Two main maps have been proposed by the redistricting commission for consideration so far. The Democrats’ plan, at left, would keep District 25 mainly the same, as District 26, but add a small part of Twin Falls County to bring the population up slightly. The more recent GOP plan, right, would split the current district, sending Gooding south and grouping Blaine, Camas and Lincoln counties with Custer, Lemhi, Butte and Clark counties as District 35.
After reviewing 55 proposed legislative redistricting plans and taking a two-day break, Idaho's citizen Commission for Reapportionment will convene this morning and try to come to an agreement as a Sept. 6 deadline looms.
"It's all still up in the air," said Sen. Michelle Stennett, D-Ketchum. "There's going to be haggling this way and that until the very end."
So far, the commission has drawn up two main plans but has failed to come to an agreement as to how to best divvy up the state into electoral districts. State code requires district lines to be redrawn every 10 years in accordance with the most recent census data, and the U.S. Constitution requires that those districts have about equal populations. As a result of the 2010 census, districts' populations need to be between 42,549 and 47,027.
State law also states that as far as possible, legislative districts should avoid splitting counties, be accessible by designated roads and not divide voting precincts.
Some of the haggling could affect District 25, which currently comprises Blaine, Camas, Gooding and Lincoln counties. More than 2,500 Twin Falls County residents would be added to the district that includes Blaine, Camas, Lincoln and Gooding counties under the preferred Democratic proposal. The Republican plan would divide 11 counties and place Blaine, Camas and Lincoln counties in a district with Custer, Clark, Lemhi and Butte counties.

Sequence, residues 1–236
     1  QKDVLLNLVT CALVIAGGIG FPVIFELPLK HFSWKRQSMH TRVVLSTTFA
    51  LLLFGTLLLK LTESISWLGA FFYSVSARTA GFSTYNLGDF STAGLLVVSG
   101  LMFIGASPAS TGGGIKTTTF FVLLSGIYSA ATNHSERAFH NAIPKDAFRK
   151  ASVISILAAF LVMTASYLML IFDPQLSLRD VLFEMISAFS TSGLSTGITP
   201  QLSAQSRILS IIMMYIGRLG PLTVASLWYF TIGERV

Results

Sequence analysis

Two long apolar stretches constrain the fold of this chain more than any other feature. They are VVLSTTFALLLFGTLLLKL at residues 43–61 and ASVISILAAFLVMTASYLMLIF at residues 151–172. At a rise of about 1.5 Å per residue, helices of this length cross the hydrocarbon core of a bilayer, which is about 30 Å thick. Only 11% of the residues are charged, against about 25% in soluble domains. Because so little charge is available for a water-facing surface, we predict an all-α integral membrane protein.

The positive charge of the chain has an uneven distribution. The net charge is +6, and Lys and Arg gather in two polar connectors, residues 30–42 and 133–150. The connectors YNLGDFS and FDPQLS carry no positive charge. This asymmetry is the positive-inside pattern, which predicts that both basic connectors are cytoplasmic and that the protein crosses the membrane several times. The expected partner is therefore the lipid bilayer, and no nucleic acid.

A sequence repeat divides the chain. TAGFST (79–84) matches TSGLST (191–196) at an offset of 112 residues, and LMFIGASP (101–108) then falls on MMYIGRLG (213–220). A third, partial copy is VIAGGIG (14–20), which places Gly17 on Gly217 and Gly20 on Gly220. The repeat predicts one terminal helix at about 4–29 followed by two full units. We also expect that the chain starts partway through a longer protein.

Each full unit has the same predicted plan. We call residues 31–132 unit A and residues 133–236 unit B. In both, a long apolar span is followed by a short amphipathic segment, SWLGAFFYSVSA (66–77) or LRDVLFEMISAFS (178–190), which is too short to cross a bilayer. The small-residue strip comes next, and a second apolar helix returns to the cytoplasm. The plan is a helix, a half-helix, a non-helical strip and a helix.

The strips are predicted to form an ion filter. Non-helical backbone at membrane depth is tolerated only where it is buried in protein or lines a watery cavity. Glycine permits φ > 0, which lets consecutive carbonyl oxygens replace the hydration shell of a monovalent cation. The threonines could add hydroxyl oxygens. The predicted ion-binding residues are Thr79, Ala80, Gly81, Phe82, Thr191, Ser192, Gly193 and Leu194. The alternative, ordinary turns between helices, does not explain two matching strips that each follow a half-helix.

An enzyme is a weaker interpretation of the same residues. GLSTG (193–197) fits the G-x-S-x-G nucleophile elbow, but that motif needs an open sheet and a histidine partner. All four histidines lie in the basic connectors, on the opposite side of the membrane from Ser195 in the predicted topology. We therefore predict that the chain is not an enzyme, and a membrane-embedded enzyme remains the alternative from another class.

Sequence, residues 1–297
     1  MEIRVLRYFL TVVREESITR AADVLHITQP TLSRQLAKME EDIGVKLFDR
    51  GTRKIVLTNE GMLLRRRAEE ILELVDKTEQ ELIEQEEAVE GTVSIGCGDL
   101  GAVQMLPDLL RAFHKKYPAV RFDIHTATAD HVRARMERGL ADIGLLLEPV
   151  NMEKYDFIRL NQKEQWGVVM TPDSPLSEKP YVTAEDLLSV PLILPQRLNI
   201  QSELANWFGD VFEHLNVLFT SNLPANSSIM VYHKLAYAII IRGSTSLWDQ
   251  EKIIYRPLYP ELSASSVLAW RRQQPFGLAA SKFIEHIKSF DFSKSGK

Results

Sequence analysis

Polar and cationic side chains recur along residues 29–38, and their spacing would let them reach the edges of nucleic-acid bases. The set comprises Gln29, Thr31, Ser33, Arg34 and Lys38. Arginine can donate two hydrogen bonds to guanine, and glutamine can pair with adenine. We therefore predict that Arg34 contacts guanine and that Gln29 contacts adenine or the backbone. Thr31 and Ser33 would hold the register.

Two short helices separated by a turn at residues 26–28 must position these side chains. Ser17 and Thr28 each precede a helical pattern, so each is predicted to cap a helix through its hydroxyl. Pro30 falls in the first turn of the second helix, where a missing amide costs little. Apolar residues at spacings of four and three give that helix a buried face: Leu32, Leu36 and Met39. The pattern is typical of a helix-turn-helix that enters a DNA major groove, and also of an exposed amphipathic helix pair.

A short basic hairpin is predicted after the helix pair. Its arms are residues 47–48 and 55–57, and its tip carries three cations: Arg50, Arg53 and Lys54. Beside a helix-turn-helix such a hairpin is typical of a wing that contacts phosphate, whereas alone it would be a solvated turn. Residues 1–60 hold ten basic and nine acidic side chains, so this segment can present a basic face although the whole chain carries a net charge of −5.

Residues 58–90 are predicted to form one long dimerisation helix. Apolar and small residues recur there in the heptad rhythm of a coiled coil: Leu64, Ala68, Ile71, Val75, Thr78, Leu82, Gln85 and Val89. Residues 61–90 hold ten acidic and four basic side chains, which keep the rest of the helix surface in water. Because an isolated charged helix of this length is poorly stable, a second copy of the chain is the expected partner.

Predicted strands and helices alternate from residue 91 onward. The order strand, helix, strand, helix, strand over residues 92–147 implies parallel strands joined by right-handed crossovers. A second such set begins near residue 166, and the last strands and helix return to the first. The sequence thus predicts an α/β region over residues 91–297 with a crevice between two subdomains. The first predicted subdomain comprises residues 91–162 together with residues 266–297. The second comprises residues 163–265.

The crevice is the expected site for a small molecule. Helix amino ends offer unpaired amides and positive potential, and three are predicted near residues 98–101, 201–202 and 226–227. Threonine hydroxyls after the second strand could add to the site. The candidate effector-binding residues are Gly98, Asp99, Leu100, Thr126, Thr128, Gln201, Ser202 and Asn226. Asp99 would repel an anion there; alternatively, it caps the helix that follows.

Stennett said either plan would likely weaken the district's Democratic base, but that the Democratic plan was more likely to keep District 25 blue.
"Adding Buhl or Hagerman wouldn't change our district very much," she said. "It would diffuse our base, but anything around us would. The little bit [the commission] is asking to add on is certainly manageable."
Stennett and fellow legislator Rep. Wendy Jaquet, D-Ketchum, have both expressed serious reservations regarding the Republican plan, however. Public resistance to adding Custer County to District 25 has been a running theme of the process since a public hearing earlier this summer.
Legislators said it would be extremely difficult to represent a district that ran from Salmon to south of Shoshone, an eight-hour round trip even in good weather. Jaquet said earlier this month that any campaign stops in Salmon would require an "overnight commitment."
If legislative and congressional district maps are not approved by four of six commissioners before the Sept. 6 deadline, district lines will be decided by the Idaho Supreme Court, as occurred in 2001. The commissioners will meet today and Sept. 3, 4, 5 and 6 if necessary.
Stennett pointed out that the Republican plan was less likely to hold up if the redistricting plans are sent to the Supreme Court for a final decision.
"We're considered part of the greater Twin Falls area," Stennett said, arguing that any district that encompasses Blaine County and the surrounding area of interest naturally fits with the more agricultural counties to the south.
"I assume the Republicans will still consider [their proposal]," she said. "But it wouldn't hold up legally as well as keeping us within the greater Magic Valley."
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